Of course, as you’re querying, there are things you can do to make the process more enjoyable.

1) Wear diamonds. Yes, I’m not kidding. As you watch your fingers readying the next email query, it’s a lot prettier when you’re wearing diamonds that catch the light and throw rainbows onto the walls. In this case, more IS better, with diamond anniversary bands throwing the most light to guide you down Query Road.

2) Query in your pajamas — heck, do it in a t-shirt and undies while sitting in bed. Thumb your nose at authority and professional protocol, but in a way that won’t impact your query letters or your chances.

3) Each time you hit send on a query letter, get up on your bed and jump up and down, like you did as a kid. Memorize how it feels to be launched into the air, and imagine your book doing the same. But a word of caution: remove all purring cats and snoring dogs, first.   

Of course, even on Query Road, your vehicle can overheat. Sometimes it’s one mile forward and two miles doubling back. At times the road will be closed, or you’ll encounter a dead end. That’s okay. It’ll make for great stories, later.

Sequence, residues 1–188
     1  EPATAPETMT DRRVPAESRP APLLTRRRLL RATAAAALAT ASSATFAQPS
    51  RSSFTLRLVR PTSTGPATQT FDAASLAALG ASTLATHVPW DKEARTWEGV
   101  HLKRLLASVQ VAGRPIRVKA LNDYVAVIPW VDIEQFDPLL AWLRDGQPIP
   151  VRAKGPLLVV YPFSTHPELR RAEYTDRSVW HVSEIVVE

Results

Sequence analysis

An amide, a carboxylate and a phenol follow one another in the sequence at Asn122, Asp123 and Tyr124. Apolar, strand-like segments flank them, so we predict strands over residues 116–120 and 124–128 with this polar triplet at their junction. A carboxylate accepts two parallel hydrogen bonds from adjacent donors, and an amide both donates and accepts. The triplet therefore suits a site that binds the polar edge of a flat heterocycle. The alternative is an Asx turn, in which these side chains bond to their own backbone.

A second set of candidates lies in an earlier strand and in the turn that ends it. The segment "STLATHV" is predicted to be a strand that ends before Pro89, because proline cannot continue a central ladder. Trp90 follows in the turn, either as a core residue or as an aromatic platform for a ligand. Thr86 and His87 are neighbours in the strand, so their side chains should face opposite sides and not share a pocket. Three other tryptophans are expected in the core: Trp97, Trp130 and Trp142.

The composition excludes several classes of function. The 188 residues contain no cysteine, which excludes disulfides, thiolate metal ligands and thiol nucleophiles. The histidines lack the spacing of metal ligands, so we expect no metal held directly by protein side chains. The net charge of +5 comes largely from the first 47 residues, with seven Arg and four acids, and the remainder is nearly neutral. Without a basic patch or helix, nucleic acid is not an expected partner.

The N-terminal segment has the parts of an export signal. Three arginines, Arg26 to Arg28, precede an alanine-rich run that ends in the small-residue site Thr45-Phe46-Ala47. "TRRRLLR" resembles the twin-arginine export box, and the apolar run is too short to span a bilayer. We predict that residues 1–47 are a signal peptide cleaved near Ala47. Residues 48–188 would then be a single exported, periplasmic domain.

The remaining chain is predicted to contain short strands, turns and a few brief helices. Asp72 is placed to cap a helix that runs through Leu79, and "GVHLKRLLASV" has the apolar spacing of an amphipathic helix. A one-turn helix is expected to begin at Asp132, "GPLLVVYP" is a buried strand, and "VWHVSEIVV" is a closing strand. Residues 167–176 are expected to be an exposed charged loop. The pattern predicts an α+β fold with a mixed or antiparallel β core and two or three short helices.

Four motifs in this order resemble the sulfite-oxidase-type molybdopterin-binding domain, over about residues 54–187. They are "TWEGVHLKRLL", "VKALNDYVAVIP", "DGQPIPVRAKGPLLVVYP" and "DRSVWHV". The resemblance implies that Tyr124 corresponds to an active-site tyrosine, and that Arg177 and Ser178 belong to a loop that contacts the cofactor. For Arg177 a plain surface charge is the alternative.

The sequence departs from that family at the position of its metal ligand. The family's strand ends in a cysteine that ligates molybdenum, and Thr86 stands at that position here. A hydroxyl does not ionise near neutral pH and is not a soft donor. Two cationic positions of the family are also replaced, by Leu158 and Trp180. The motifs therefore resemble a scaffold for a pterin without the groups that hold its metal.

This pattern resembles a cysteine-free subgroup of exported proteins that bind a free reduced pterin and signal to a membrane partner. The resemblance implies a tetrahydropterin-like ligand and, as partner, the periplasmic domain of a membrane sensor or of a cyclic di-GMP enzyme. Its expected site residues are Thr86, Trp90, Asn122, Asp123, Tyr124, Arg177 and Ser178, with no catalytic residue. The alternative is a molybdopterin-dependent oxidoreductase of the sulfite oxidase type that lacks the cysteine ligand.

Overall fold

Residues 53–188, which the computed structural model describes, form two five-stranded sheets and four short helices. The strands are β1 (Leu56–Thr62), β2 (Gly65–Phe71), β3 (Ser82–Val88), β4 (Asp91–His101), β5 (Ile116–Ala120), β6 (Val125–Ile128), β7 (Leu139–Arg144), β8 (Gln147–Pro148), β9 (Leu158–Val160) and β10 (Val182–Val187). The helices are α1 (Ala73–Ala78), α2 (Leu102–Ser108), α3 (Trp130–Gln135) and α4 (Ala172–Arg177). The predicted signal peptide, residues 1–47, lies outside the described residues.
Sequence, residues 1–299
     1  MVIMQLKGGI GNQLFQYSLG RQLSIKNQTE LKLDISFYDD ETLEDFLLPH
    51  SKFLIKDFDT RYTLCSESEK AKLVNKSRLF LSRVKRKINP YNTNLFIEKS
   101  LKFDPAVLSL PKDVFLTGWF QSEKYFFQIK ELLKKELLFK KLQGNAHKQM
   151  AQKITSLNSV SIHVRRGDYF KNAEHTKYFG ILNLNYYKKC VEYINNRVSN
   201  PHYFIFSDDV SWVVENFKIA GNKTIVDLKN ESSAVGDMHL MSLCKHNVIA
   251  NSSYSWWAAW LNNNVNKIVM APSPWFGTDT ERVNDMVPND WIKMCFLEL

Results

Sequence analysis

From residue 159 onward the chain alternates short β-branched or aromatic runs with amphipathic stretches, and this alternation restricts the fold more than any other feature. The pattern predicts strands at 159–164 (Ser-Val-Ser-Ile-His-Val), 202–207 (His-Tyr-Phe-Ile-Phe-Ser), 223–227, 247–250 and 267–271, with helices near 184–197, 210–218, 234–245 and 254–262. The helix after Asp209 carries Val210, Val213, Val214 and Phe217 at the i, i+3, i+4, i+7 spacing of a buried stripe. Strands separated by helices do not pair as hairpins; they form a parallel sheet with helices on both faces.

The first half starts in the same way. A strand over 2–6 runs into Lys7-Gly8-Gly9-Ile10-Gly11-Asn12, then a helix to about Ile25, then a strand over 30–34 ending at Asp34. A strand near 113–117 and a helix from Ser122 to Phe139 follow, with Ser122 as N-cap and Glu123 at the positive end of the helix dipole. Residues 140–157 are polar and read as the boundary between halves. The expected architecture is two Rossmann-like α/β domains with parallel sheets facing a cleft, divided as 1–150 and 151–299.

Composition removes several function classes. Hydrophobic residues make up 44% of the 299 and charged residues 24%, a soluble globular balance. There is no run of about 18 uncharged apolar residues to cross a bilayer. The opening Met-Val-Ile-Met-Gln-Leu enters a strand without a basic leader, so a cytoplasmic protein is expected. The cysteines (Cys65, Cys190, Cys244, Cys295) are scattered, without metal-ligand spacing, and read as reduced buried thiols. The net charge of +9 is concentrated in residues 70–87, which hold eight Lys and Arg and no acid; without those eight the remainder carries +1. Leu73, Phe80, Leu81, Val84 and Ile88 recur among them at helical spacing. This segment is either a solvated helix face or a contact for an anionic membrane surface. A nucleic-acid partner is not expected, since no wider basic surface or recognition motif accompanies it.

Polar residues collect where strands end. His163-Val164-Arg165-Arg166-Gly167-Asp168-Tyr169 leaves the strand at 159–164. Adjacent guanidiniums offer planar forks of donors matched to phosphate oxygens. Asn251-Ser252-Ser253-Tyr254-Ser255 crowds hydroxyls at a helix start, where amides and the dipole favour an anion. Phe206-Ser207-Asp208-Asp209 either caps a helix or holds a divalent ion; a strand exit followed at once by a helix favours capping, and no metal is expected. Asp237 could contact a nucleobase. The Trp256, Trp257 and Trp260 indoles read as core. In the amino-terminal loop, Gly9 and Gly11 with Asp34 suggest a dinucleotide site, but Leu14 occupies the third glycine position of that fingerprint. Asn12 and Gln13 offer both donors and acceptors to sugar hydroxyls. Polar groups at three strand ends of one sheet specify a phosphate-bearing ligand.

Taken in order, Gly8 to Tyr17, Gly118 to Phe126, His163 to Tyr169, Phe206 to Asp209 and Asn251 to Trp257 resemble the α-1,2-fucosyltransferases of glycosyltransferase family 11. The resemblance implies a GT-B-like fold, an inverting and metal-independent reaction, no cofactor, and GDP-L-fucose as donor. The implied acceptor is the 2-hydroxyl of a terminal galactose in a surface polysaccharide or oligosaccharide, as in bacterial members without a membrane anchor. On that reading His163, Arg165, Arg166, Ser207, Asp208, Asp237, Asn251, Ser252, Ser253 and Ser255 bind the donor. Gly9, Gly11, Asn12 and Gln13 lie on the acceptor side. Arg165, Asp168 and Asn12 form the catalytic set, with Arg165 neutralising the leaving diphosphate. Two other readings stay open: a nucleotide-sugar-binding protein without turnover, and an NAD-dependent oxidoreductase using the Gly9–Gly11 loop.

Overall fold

I keep all this wisdom in mind today, especially after the request for pages I wrote about last week turned into a form rejection this week, along with two more form rejections — one yesterday, and one this morning. 

I’m still standing tall, or, um, sitting. I’ve got my diamonds on, the gas tank remains full of dreams, and it’s full speed ahead.

If you find yourself rejected and dejected as you make your way down Query Road, pull over into the nearest Rest Stop (named after your favorite writer, of course) and give yourself permission to feel it; set a time limit, get a slurpee and a soft pretzel, kick the tire a few times, and then settle yourself back behind the wheel. 

Take a deep breath, and repeat after me: There are amazing and exciting things just around the bend. There are amazing and exciting things just around the bend. There are amazing and exciting things just around the bend … 

Because that’s what the published authors tell themselves.